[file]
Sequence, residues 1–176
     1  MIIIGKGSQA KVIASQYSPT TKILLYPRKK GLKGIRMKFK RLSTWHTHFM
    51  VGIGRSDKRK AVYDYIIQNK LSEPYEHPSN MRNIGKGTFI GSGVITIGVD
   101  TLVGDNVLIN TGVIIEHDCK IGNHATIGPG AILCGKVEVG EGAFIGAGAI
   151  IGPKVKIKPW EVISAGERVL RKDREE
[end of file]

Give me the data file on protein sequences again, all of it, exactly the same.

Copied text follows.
Sequence, residues 1–176
     1  MIIIGKGSQA KVIASQYSPT TKILLYPRKK GLKGIRMKFK RLSTWHTHFM
    51  VGIGRSDKRK AVYDYIIQNK LSEPYEHPSN MRNIGKGTFI GSGVITIGVD
   101  TLVGDNVLIN TGVIIEHDCK IGNHATIGPG AILCGKVEVG EGAFIGAGAI
   151  IGPKVKIKPW EVISAGERVL RKDREE